"clearing house". Brokers are settlement agents, and are very similar
   to the EDI Clearing Houses described in [14]. They establish business
   relationships with providers and proxy authentication and accounting
   requests to the appropriate destination. The security requirements of
   this business model can be very different from the previous section,
   since it may require such features as non-repudiation and end-to-end

                +----------+                 +----------+
                |   AAA    |<--------------->|Settlement|
                | ISPA.Net |  server-server  |  Agent   |
                +----------+  communication  +----------+
                            |\-                 /|\
                               \                 | server-server
                                 \               | communication
                                   \            \|/
                      End-to-End     \       +----------+
                       Security        \     |   AAA    |
                                         \|  | ISPB.Net |
                                         -   +----------+
                    Figure 3: DIAMETER Settlement Agent

   It is envisioned that in this environment public key cryptography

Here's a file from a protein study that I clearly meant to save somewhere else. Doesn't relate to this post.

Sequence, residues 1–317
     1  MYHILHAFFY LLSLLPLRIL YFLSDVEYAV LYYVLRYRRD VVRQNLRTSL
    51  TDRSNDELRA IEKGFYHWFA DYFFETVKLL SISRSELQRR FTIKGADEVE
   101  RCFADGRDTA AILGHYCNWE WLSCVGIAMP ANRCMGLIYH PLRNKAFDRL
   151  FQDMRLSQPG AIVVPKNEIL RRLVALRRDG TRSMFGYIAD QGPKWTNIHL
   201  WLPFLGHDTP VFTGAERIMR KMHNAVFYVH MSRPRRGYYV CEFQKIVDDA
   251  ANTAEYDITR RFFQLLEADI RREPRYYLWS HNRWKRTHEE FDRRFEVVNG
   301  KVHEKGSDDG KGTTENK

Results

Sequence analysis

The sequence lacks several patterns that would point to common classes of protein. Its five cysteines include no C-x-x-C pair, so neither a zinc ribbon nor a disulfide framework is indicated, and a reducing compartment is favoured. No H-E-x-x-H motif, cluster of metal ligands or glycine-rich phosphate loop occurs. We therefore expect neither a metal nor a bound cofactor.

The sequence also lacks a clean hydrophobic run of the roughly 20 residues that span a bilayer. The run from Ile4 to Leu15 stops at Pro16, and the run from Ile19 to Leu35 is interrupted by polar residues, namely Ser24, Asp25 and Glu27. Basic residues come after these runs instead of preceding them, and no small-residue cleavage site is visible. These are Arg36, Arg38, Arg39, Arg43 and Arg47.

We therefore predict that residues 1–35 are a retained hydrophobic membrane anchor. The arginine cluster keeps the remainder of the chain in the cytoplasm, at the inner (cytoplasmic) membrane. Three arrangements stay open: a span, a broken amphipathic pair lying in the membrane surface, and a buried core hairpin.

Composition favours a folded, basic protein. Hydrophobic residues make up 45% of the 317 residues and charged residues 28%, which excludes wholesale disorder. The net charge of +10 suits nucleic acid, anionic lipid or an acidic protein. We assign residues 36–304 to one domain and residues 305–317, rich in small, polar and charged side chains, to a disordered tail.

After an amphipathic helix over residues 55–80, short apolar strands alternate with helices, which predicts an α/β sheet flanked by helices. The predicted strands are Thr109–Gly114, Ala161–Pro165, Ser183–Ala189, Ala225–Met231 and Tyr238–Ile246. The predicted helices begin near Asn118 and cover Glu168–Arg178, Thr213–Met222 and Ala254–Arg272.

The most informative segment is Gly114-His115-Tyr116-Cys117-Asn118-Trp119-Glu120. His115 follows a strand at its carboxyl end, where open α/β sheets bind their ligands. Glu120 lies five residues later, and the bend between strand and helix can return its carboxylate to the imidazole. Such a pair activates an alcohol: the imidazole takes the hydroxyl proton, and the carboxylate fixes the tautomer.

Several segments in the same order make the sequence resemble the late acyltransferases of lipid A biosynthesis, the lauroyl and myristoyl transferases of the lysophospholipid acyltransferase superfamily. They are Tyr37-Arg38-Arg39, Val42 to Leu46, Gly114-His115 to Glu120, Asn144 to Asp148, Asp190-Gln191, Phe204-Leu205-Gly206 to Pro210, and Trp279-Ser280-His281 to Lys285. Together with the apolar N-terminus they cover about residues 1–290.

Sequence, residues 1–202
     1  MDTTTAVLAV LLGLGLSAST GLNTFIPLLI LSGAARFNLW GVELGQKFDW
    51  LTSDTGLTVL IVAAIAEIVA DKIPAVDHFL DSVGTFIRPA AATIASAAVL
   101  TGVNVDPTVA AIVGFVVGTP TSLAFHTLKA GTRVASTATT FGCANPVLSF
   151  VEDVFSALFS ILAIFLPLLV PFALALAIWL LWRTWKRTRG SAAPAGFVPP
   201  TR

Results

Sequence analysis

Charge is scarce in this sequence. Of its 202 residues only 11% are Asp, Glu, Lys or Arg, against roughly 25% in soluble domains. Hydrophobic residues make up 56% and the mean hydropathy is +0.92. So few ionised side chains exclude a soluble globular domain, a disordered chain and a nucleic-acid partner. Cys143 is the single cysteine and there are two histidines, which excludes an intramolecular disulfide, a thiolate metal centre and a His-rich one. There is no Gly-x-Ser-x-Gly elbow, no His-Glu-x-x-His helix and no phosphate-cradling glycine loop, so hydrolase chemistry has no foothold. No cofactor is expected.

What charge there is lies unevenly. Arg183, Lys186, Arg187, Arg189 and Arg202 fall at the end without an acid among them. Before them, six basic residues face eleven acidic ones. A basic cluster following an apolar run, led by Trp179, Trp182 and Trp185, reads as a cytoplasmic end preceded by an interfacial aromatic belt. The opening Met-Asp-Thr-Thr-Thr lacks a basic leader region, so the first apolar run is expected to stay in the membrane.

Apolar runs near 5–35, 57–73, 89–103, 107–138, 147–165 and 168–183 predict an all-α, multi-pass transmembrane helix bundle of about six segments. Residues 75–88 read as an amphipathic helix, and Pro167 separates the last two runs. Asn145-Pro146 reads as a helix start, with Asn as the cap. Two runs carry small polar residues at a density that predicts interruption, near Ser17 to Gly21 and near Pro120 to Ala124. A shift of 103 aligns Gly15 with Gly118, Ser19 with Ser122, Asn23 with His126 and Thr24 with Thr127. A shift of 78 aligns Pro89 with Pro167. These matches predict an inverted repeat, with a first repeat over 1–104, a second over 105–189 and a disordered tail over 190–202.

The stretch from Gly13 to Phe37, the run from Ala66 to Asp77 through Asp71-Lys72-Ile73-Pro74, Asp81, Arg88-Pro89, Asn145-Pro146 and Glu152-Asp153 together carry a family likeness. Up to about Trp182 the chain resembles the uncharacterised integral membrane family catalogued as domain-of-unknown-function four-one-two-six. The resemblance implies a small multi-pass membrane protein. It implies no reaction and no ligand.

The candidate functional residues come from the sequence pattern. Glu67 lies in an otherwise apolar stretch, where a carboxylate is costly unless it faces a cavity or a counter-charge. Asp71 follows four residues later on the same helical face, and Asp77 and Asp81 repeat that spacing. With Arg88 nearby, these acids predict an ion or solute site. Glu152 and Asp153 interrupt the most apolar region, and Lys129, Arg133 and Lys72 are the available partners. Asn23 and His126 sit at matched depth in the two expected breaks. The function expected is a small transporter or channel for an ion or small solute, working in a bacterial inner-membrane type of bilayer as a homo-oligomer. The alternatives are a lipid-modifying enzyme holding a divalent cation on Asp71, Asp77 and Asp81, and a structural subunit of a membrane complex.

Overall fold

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   will be used to provide end-to-end security. The Broker, or Settle-
   ment Agent, is in a good position to act as a Certificate Authority.
   Further research is required to determine how secure communication
   can be achieved across more than one broker.

2.1.2  DIAMETER Security

   There are two different requirements for security. One is the case
   where two DIAMETER peers communicate directly, also known as hop-by-
   hop and one where two DIAMETER entities need to communicate through a
   proxy chain.

   In the case of hop-by-hop security, two different methods are defined
   in DIAMETER. One, and the most obvious method, is to provide no secu-
   rity at the application (DIAMETER) level, and rely on some underlying
   security service, such as IP Security.

   The second method, which is backward compatible with RADIUS and
   requires no changes to the infrastructure, is to make use of shared
   secrets between two DIAMETER entities. In this case the protocol
   could include an HMAC-MD5-96 [8] Integrity Check Vector (ICV) within
   an AVP to provide integrity of the message. This method should allow
   both long lived shared secrets, and the use of out-of-band key nego-
   tiation, such as the Internet Key Exchange (IKE) [16]. In order to
   allow the use of IKE for DIAMETER, a a new AAA Domain of Interpreta-